There are many career paths available for someone with a marketing management degree. Personal interests and talents, as well as ultimate career goals, determine an individual’s choice. Some career paths in the field are:

 Brand Management
 Sales
 Market Research/Analysis
 Advertising
 Pharmaceutical Marketing
 Retail Marketing
 High-tech Marketing (management, marketing, and sales of tech products like computers, software, system services, and other aspects of the high-tech industry)
 Marketing Consulting
 Consumer Analysis
 Business-to-Business Marketing

Step 5

Trade Associations and Networking

Joining trade associations allows marketing managers to network with other managers and stay informed on professional opportunities and the latest industry developments, protocols, and technologies.

Association of International Product Marketing & Management (AIPMM) www.aipmm.com

American Marketing Association (AMA)
www.ama.org

Sales & Marketing Executives International (SMEI)
www.smei.org

Step 7

Master’s Degree

A Master’s Degree in Marketing or a Master’s of Business Administration is particularly valued in marketing management circles. Hiring managers for higher-level positions in the field often seek the training in management, leadership, business strategies, finance, product development, and corporate communications that these degree programs provide.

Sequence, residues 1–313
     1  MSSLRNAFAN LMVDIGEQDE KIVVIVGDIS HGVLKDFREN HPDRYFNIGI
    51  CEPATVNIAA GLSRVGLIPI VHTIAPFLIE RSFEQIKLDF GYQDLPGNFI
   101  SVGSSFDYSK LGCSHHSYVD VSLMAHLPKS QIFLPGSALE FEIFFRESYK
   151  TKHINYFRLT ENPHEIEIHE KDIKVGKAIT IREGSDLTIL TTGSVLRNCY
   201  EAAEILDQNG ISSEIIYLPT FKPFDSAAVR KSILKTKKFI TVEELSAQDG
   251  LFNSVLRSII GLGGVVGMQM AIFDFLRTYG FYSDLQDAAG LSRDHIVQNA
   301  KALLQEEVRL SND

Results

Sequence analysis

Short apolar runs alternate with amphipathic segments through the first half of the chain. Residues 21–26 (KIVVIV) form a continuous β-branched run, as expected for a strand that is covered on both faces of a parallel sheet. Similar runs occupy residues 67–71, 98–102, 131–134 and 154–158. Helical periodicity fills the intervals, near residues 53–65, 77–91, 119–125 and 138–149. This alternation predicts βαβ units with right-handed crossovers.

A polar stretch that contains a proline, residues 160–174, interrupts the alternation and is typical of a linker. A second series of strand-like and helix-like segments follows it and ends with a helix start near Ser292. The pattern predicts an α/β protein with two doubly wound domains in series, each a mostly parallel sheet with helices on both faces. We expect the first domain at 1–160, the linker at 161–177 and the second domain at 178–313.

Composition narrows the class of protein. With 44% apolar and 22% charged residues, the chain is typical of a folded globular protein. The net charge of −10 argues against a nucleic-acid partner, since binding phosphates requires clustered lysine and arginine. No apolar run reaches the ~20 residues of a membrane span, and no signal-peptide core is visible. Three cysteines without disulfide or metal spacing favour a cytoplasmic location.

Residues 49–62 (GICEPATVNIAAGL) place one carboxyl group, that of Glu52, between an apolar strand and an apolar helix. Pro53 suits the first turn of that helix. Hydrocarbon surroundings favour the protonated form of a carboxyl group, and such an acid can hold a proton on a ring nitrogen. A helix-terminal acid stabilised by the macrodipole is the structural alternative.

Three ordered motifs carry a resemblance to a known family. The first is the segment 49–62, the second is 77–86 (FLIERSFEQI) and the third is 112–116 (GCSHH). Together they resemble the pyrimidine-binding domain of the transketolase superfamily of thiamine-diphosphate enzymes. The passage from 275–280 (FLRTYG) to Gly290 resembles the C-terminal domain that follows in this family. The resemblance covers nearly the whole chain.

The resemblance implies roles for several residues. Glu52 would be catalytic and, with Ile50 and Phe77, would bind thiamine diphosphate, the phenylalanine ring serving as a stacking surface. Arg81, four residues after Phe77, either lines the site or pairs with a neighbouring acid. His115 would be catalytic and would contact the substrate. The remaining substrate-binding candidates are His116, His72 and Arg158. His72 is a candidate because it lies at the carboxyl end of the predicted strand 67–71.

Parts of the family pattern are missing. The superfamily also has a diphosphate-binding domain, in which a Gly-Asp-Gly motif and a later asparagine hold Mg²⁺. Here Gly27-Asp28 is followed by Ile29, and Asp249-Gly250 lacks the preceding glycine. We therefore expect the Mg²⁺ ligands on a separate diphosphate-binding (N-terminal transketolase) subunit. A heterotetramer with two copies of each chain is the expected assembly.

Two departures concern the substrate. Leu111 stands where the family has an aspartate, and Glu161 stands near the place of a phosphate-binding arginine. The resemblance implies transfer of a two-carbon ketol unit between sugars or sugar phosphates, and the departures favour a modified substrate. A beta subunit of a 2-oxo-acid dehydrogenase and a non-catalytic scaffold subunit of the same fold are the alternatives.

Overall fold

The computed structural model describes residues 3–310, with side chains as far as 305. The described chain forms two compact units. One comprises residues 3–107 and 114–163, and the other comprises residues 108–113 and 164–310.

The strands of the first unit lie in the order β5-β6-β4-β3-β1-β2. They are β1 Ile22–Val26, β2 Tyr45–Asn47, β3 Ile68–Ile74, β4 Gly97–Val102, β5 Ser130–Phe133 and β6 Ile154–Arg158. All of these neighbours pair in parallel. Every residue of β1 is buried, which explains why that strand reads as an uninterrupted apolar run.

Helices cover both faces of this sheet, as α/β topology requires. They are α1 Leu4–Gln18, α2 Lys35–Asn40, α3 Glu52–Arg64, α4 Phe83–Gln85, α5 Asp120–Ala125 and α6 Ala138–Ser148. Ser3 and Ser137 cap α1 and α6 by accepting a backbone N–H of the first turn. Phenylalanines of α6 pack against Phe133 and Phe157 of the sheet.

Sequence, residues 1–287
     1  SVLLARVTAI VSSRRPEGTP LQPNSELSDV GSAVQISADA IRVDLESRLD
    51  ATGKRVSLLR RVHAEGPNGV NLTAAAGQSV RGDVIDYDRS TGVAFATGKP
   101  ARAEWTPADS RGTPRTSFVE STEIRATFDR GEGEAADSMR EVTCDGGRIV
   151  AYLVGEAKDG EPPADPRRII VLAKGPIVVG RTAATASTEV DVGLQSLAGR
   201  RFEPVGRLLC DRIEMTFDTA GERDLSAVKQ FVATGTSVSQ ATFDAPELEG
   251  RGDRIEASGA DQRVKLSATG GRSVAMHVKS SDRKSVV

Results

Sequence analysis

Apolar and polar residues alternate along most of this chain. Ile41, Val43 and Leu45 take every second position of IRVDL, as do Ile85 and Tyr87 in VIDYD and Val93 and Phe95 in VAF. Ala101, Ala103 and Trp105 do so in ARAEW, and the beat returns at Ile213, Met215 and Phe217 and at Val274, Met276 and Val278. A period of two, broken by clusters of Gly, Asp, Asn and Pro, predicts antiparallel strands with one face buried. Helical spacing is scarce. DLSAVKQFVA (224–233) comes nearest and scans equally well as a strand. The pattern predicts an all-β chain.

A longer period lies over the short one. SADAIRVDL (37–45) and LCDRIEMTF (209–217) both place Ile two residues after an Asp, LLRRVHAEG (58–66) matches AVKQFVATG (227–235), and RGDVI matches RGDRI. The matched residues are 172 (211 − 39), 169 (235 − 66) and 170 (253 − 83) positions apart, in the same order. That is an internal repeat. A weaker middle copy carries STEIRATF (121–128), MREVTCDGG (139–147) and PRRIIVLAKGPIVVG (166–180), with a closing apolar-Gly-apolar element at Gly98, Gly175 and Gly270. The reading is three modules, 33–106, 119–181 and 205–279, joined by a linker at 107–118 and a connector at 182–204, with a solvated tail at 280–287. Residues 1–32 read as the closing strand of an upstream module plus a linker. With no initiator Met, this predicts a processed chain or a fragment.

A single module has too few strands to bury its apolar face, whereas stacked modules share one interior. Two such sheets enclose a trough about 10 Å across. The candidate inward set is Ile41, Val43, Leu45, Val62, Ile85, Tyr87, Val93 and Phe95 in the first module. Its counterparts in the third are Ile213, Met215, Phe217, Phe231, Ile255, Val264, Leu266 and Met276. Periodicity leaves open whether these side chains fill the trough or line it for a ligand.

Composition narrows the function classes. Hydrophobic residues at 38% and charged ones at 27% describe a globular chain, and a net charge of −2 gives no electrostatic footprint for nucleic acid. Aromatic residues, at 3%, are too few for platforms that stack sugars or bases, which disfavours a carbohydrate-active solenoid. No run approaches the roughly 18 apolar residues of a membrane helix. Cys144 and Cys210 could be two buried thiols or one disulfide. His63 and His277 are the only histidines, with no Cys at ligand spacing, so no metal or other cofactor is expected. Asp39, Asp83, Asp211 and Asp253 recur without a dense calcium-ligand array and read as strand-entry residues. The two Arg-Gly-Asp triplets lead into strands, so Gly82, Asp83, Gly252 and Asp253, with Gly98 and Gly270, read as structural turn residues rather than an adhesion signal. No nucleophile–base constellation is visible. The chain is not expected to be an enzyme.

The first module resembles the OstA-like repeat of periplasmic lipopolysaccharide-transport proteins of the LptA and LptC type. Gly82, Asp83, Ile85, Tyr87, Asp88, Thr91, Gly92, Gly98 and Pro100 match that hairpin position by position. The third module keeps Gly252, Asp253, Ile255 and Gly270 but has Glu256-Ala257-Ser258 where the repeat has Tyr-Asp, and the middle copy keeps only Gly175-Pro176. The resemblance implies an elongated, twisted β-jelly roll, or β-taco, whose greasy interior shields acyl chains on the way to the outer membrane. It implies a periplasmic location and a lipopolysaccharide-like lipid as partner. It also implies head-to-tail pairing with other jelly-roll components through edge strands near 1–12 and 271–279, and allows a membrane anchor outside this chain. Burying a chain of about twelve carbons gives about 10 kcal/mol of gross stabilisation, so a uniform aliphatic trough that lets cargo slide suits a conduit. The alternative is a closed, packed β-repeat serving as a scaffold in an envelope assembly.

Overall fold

How to become a Marketing Manager

Marketing managers come from a wide range of educational backgrounds. Depending on the level of position, most employers tend to seek job candidates with a Bachelor’s Degree in Business or a Master’s of Business Administration (MBA), with a marketing emphasis. Degrees in marketing, communications, public relations, accounting and finance, and business management are among the most common in the field.

Marketing managers working in highly technical sectors like engineering or life sciences typically hold an undergraduate degree specific to their industry in addition to an MBA or graduate degree in marketing.

It is not unusual for marketing managers to be promoted from positions such as sales representative, advertising specialist, or brand specialist. This is likely due to the fact that the role of marketing manager has something in common with each of these positions: at its core, it is a communications and messaging role. It is about successfully communicating intended messages to target audiences to get them to take desired actions.

The contemporary business environment, in which communication takes many forms, calls for marketing managers to develop skills in delivering messages via a wide variety of media formats, from print to audio to video to web-based platforms and software. This diverse set of messaging vehicles means that marketing managers must hone an equally diverse skill set. In addition to having a finger on the pulse of the marketplace and recognizing consumer purchasing habits, they must be able to quickly identify and formulate appropriate, effective, and financially sound marketing strategies. In short, they must be part business analyst, part consumer analyst, part psychologist, part creative director, and part accountant.